The first few days, doubts and questions plagued my mind. I thought about the possibility of coming home just because I wasn’t sure I was able to do this, but I’m still here, 1 week down, 99 to go. It’s getting easier every day, but I’m sure it’ll kind of reset once I hit the field. Apparently Chilean Spanish is the fastest in the world, so that’s going to take another few weeks of getting used to. I’m glad I stuck it through; I looked through the emails that I got, and I’ve already read so many inspirational words from some of you guys. Thank you all.
 
Anyway, the pictures I sent to my sister this time around was kind of sloppy, as its the first time and I wasn’t really sure how to do it. I figured that I’ll just upload to a dropbox, and my sister will be downloading the pictures and uploading them here and to my Facebook and Instagram, but if you guys ever want to see them here it is: https://www.dropbox.com/sh/em5imil54ojqtx7/AACvT6cjXKoDJI8kkz-IPbyBa
 
In the first part, I was sloppy and I just uploaded zipfiles, but you can download and open the zip files if you want. I’ll be uploading the pictures themselves so you can just view them! You can check out my house, our temple trip, and others. I met a whole bunch of missionaries that were in my 51st ward back at BYU, and I took a picture with them on someone else’s camera, so you’ll be seeing those as well.
 
That’s about all the time I have today! I love you all, and miss you all. Those preparing to serve a mission, I don’t want to scare you, but you won’t be fully prepared for the MTC/Mission. It hits you like a truck. BUT read the scriptures before you leave, and be strong! I hope you guys are doing well all around the world. Until next week!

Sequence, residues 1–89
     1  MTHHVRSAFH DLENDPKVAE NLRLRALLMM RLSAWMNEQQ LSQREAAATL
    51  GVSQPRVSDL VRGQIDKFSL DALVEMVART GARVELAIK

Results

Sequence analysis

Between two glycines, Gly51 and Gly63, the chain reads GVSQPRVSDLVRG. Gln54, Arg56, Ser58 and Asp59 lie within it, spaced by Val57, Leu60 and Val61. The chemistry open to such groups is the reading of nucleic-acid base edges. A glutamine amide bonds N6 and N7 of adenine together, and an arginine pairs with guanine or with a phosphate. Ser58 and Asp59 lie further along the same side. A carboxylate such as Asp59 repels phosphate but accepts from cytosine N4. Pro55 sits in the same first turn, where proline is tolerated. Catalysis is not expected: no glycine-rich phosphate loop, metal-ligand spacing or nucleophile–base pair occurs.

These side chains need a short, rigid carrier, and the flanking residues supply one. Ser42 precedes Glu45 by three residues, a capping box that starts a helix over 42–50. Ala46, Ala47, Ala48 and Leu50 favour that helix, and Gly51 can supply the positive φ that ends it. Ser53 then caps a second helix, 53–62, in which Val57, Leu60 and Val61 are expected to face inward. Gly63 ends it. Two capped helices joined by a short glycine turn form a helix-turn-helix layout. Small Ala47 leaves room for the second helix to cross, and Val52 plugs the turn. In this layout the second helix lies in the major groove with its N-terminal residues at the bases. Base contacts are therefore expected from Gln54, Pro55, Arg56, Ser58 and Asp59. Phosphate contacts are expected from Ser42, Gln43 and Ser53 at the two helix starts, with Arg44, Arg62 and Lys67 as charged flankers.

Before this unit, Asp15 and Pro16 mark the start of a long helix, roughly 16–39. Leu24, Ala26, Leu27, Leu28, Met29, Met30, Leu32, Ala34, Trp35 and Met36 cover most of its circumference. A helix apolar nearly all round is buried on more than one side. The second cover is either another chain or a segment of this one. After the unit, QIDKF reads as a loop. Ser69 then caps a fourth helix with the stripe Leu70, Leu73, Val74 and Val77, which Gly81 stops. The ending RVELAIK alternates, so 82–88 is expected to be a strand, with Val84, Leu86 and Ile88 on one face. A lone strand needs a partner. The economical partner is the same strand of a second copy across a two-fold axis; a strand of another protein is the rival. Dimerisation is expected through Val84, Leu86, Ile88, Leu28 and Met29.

Love,
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ARRIVED!

Brother arrived in Mexico safely! The following message is from him: 
 
I’m at the Mexico Training Center, or the CCM! It’s a crazy feeling to actually be here, and now that I have my tag, it’s surreal. I’m officially a missionary. The flight was boring and long, there’s not much you can do to keep yourself entertained for 13 hours without being able to watch movies and whatnot, but luckily I slept most of the trip. I didn’t eat much, so I’m looking forward to dinner and meeting some people.
 
I was the only one on my flight [he means the only missionary on his flight], and the person who picked me up was here to pick only me up. He picked others up a few hours before me, but the trip to the CCM was just me and the driver. I looked at the list and it looks like theres a bunch of new faces, adding to the 2,000 people already situated in the CCM.
 
I have to say that being off Facebook is a bit easier than I expected, but it has only been like a day or so… I assume my withdrawal symptoms to social media will kick in very soon, but I’ll get over it. I’m nervous and excited about the work. I looked at the schedule they gave me in my welcome envelope, and I have never seen a schedule more full. Every day is packed, and I’ll definitely be needing extra motivation and prayers to get off my lazy butt that I got used to these past summer months. But the work, I assume, will be great, and I am more than happy and ready to start it.
 
I don’t have much else to say as I have just gotten here, but Mexico City is a beautiful place. That is all!
 
Love you all, and hope to hear from you soon.